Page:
CFP: The Place of Art. The Re-definition of the Exhibition Format in the ’70s

Critically reflecting on the history of exhibition and the canonization of its formats, this panel aims to investigate the development of the exhibitionary complex as it’s known today.

Political protests in the 70s occupied the whole public sphere, causing an epochal value change across culture, thought and politics. The process of democratization affecting cultural perceptions also impacted the art system. Many demonstrations, often in the form of interventions and performances, occurred as throughout the opening dates of the Venice Biennale.

While changing the functioning of its apparatuses, the exhibitionary complex (Bennet 1982) continued to provide instruments for the moral and cultural regulation. In their ability to mobilize and represent political exigencies of a specific moment in time, exhibitions became more specialised thanks to the adoption of diverse formats like biennials, fairs, temporary museum exhibitions, forums and books.

None of these models were new but, during the 70s, were used to respond to the needs of an expanding cultural sphere. Cologne and Basel’s art fairs, the exhibition choices made by Seth Siegelaub in January 5-31 1969 (New York 1969), and documenta 5, which opened the second wave of biennials (Green and Gardner 2016), are great example of these radical changes in exhibition’s formats.

We invite scholars to submit papers that examine specific exhibition formats which, during the 1970s, underwent a significant redefinition or explored methodological issues related to such topic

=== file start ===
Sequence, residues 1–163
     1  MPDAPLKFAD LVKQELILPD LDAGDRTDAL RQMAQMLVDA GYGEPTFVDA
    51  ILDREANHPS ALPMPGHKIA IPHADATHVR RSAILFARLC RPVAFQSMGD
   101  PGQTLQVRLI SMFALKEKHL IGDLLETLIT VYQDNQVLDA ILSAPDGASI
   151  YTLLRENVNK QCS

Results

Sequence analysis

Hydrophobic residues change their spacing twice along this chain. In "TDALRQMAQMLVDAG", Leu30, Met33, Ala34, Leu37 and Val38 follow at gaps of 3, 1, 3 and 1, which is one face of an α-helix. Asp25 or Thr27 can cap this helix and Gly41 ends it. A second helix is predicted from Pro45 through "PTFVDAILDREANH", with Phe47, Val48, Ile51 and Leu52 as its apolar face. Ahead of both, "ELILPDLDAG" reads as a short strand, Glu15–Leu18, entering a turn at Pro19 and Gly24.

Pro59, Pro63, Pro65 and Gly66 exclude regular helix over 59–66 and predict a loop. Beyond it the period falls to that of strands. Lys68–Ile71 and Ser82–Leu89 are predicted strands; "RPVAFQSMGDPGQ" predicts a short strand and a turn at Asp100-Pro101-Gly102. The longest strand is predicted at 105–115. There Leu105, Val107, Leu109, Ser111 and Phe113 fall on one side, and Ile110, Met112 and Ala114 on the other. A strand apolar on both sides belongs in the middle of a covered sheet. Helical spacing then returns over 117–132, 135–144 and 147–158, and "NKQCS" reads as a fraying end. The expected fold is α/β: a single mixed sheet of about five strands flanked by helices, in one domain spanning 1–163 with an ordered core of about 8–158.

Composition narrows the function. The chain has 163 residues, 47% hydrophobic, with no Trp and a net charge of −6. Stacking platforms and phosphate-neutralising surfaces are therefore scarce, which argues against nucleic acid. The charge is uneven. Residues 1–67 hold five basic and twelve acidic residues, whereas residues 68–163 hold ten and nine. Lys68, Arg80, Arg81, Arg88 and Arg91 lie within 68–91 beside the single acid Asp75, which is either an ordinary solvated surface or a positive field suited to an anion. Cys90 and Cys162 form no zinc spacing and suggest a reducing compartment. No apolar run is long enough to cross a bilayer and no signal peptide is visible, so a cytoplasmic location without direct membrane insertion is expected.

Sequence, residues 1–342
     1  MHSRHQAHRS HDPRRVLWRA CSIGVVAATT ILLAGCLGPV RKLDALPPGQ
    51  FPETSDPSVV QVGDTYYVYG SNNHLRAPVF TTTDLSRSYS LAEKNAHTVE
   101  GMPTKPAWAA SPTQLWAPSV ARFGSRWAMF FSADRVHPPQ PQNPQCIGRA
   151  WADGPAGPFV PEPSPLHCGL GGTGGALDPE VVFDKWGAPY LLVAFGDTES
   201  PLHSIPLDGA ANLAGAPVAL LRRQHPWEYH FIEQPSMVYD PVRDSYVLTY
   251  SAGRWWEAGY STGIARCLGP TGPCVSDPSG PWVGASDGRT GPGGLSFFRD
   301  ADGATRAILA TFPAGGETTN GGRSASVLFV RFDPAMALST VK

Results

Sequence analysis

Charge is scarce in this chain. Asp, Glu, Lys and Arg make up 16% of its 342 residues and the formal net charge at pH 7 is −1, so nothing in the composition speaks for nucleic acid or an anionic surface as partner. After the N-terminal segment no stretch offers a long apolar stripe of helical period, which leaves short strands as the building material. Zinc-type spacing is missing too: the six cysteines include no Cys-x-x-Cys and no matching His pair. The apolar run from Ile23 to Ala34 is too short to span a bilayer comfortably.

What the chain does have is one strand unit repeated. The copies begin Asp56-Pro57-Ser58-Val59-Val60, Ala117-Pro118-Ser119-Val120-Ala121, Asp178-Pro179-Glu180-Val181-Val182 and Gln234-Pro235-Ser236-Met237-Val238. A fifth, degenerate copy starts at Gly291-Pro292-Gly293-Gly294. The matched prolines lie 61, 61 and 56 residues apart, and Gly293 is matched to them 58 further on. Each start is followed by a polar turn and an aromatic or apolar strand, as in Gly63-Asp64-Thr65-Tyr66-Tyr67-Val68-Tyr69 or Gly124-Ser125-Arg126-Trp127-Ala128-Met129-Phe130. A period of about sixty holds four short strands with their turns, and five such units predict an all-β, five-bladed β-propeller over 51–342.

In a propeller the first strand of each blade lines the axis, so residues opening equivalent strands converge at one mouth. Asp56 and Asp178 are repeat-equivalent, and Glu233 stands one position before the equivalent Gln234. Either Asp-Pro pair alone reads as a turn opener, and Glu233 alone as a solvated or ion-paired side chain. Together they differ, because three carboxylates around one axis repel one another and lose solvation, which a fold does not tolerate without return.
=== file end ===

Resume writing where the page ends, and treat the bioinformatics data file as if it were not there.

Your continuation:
Please send a 250-word abstract (Chicago Manual of Style), using the CAA conference proposal form (see CAA, p. 41 of the following .pdf http://www.collegeart.org/pdf/programs/conference/CAA-CFP-2019.pdf ), and a brief 2-page CV by August 6, to cricci@iuav.it / clarissarricci@yahoo.it

Dr. Clarissa Ricci
Iuav University in Venice

Abstracts now online: TIAMSA’s The Art Fair Conference abstracts

TIAMSA’s  The Art Fair  Conference  
13-15 July 2017
Sotheby’s Institute of Art, London

Here we attach the abstracts to the talks of the upcoming event.
We look forward to welcoming our speakers and participants to this exciting programme, focusing on art fairs from 16th-century panden via the creation of documenta to Art Basel now.

TIAMSA The Art Fair Conference Abstracts
(.pdf, 871 KB)

 


CFP: Collateral Events and Pavilions at the Venice Biennale (St. Andrews, 24 Nov 17)

The Politics of Display: Collateral Events and Pavilions at the Venice Biennale

School of Art History, University of St Andrews, November 24, 2017
Deadline: Apr 24, 2017

During the late 1990s, the structure of the Venice Biennale underwent a dramatic overhaul, expanding into the Arsenale buildings that once housed the city’s shipyards and armouries. Its interconnecting rooms provide a counterpoint to the Giardini’s national pavilions, and the greater curatorial fluidity that this enables has been further extended through the introduction of collateral pavilions and events. These now proliferate throughout the Biennale, offering sites through which artists and curators can explore the charged issues of transnationalism, resurgent nationalism, and globalization. As was particularly evident in Okwui Enwezor’s 2015 Biennale, these interventions can resonate strongly with both Venice’s long history of maritime trading, and the current challenges it faces as a city inhabited primarily by tourists, in a continent struggling to respond coherently to the on-going refugee crisis, with an ecology that has been tangibly affected by climate change. While critics rightly continue to challenge the out-dated nature of the Biennale’s underlying structures, its vast expenditure and excess, and its imbrication in commercial markets, it is now an expanded and contested field of activity, in which the politics of representation and display are constant and highly charged. Continue reading “CFP: Collateral Events and Pavilions at the Venice Biennale (St. Andrews, 24 Nov 17)”